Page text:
Actually, the comparison is ridiculous, because, as his own network acknowledged the morning after McVeigh's execution, that the murderer was "baptized in the Catholic Church as a boy, but had stopped practicing and recently described himself as agnostic." Moreover, as the terrorist himself admitted, he bombed the Oklahoma City federal building as a "retaliatory strike; a counter attack, for the cumulative raids (and subsequent violence and damage) that federal agents had participated in over the preceding years (including, but not limited to, Waco)." McVeigh did not carry out the attack in the name of the Christian God or in the name of the Catholic Church. On the other hand, Al Qaeda issued a fatwa in 1998, which declared that killing "Americans and their allies...is an individual duty for every Muslim who can do it in any country in which it is possible to do it...in accordance with the words of Almighty God."

Velshi concluded his commentary by stating that it didn't matter whether Americans were for or against the planned mosque: "If you're an American citizen and choose to remain in this country, then whether you are against or you are for the Islamic center and mosque should be irrelevant. I say 'should be,' in an ideal world, because, as an American citizen- well, we should all be for the Constitution that so many have fought, lived, and died for, including the 2,976 souls who died on September 11th at Ground Zero, at the Pentagon, and in a field in western Pennsylvania."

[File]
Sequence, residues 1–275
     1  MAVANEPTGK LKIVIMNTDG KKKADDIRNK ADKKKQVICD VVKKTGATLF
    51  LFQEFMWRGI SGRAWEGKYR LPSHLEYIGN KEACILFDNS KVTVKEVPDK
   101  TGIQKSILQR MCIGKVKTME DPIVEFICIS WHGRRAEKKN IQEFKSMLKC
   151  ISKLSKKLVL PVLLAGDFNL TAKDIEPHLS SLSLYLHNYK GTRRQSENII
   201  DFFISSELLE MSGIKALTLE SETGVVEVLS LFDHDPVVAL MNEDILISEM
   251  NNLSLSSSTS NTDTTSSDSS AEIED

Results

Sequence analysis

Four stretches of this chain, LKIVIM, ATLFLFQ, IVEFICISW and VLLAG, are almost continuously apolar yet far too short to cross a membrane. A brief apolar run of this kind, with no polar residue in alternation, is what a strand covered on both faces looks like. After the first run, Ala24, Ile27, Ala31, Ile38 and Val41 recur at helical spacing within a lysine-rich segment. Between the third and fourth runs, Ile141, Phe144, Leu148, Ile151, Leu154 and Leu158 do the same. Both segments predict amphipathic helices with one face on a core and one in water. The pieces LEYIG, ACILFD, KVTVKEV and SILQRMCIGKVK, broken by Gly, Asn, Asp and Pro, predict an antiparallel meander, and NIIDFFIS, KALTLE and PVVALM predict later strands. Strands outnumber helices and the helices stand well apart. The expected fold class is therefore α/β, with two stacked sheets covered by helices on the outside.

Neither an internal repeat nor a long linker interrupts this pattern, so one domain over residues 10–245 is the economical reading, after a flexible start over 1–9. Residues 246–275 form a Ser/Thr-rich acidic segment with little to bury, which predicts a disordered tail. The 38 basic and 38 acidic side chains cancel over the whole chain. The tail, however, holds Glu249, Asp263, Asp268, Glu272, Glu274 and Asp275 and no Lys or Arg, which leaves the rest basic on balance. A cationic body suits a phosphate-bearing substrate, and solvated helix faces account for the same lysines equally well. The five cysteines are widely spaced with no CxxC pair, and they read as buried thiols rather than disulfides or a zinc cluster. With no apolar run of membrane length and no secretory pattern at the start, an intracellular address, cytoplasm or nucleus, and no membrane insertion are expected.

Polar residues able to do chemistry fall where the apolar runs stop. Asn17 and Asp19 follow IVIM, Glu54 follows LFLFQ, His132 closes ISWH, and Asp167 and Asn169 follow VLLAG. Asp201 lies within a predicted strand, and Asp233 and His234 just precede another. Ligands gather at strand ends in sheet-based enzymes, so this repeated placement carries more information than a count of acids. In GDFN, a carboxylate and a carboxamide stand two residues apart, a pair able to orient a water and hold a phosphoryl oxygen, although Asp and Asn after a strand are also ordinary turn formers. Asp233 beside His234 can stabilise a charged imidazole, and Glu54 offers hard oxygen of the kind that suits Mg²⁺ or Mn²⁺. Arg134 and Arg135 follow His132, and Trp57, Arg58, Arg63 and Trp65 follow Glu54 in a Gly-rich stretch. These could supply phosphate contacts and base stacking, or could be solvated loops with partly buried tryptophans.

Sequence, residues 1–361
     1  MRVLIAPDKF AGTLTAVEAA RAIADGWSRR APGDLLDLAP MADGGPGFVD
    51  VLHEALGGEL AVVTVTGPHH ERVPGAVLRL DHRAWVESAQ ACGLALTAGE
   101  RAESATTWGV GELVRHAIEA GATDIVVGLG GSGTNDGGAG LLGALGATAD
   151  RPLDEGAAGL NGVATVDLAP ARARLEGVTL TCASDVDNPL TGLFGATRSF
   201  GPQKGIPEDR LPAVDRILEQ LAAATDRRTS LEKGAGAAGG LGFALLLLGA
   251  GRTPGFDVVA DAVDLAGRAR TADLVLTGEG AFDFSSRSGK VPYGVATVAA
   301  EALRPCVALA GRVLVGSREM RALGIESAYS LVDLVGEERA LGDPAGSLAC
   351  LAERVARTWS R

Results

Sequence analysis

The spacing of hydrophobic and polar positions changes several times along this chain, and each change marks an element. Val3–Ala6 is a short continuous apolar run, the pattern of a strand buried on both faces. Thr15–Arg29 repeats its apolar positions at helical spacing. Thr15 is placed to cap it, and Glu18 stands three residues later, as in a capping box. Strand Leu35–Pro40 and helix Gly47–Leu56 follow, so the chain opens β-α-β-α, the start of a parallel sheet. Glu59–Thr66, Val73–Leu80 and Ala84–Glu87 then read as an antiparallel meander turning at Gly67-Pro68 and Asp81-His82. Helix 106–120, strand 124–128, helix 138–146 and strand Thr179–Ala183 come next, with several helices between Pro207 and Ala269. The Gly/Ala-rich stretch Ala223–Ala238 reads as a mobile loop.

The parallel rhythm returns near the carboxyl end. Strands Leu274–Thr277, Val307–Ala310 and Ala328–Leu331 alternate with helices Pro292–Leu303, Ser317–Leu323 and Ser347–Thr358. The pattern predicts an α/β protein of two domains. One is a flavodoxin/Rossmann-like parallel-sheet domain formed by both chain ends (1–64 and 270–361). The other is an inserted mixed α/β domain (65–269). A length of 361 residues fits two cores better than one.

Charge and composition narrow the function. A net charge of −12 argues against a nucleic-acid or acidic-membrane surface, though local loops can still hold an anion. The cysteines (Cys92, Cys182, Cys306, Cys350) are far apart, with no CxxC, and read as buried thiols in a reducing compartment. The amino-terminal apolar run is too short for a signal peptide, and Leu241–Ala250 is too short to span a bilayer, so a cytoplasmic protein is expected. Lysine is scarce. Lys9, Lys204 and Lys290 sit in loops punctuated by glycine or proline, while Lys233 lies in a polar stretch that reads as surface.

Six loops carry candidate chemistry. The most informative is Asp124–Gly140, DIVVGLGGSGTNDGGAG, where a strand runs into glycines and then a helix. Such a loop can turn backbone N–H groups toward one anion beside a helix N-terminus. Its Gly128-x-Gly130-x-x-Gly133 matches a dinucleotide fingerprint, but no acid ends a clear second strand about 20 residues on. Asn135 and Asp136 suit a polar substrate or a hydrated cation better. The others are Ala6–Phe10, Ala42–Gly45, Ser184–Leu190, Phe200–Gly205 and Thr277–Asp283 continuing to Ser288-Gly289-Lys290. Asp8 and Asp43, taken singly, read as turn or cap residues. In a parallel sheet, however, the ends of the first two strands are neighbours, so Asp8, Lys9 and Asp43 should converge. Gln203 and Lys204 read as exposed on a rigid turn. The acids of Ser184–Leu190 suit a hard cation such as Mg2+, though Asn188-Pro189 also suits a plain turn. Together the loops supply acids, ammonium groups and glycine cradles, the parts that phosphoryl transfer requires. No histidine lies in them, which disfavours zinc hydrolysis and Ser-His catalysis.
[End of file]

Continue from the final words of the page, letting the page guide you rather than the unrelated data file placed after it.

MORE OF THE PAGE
The anchor wasn't the first CNN personality to bring in the Catholic Church into the mosque controversy. A week earlier, Rick Sanchez bizarrely wondered whether nvestigating the funding behind the planned mosque near Ground Zero would lead to investigations into Catholic and/or Mormon funding: "If you start going into who is giving money...you've got to go to Rome and start asking where the money is going into Rome....and you have to go the Mormons and ask...what are they doing with their money?"

The full transcript of Ali Velshi commentary from Wednesday's Newsroom:

VELSHI: Time now for the 'XYZ' of it. It's a controversial topic: the Islamic center and mosque near Ground Zero. It's an emotional topic, and one I wasn't sure I should bring up in these last few minutes with you, but you've talked about it with me on Facebook and Twitter, so here goes.